If you spend some time in Portuguese beaches this summer, you’ll probably run into a few stock characters: people doing regular beach stuff (swimming, getting a tan and enjoying the sun, playing football, volleyball, or beach paddleball); people doing unusual beach stuff, and the usual animals you’d find in this area, like seagulls, bivalves, and jellyfish washed ashore.
In Portugal, a single jellyfish is called [a] alforreca, while in Brasil they’re called [a] água-viva. Both variants share a name in common, [a] medusa, which can be used for the common jellyfish you see on the shore or any other member of the jellyfish family with long, lean limbs (the name itself is a reference to the snake-tentacled head of Medusa from Greek mythology).
As promissed last Wednesday, today’s Word of the Week focuses on the “wanderers” of the sky, the planets of our solar system!
Of the eight (formerly nine) recognized planets, only three have different spelling between EP and BP, respectively: Vénus / Vênus; Úrano / Urano; Neptuno / Netuno. Since the names aren’t radically different from their Latin (and English) counterparts, I don’t believe I need to match them for you to understand what planets I’m talking about (:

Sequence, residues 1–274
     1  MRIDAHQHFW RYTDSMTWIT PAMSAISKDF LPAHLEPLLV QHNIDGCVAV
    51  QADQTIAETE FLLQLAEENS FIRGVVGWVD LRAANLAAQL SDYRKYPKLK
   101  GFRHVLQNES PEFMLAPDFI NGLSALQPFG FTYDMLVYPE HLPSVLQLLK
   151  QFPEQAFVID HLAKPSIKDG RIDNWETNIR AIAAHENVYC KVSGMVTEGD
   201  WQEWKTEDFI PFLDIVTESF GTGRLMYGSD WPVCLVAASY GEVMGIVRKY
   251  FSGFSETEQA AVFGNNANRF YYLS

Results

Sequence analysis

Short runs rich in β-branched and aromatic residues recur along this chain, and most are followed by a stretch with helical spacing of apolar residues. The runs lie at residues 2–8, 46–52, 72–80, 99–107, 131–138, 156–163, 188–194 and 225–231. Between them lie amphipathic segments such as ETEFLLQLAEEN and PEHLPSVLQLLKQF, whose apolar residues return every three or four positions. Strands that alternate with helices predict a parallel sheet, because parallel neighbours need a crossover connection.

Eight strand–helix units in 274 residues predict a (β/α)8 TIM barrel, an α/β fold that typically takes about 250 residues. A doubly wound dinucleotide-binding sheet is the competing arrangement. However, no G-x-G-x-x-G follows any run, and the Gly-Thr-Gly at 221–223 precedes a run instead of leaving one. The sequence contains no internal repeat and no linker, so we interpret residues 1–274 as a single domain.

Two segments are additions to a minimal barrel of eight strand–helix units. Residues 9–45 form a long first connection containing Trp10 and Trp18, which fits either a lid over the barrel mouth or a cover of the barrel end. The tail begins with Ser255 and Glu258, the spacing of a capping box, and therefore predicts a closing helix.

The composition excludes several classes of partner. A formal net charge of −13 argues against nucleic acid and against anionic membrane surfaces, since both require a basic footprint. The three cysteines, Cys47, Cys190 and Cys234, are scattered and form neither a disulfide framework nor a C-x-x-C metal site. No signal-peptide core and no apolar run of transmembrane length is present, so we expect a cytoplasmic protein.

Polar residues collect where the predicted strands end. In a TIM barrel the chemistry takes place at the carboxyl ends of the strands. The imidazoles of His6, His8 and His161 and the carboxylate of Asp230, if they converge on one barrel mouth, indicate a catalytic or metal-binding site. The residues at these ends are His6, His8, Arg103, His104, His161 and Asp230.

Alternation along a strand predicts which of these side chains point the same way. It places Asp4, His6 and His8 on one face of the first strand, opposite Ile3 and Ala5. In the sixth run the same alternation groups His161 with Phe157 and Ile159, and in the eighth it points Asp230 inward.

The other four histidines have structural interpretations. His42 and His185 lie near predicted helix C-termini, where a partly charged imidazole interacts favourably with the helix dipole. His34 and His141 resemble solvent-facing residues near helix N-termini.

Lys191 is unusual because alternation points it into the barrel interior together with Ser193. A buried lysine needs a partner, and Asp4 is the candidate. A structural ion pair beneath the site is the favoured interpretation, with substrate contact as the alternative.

Stargazingis one of my absolute favourite pastimes: it combines a wealthy mix of being in contact in nature, quiet introspectiveness, the need for a keen eye and observation skills, and an interesting historical/mythological background that I always found interesting – basically how humans always seem keen to put meaning into everything, even random star shapes, and makes stories about them. All in all, I always found peace when looking at the wonders of the sky (usually, but not necessarily, at night), and it’s an activity that still gives me pleasure whenever I have a chance to do it.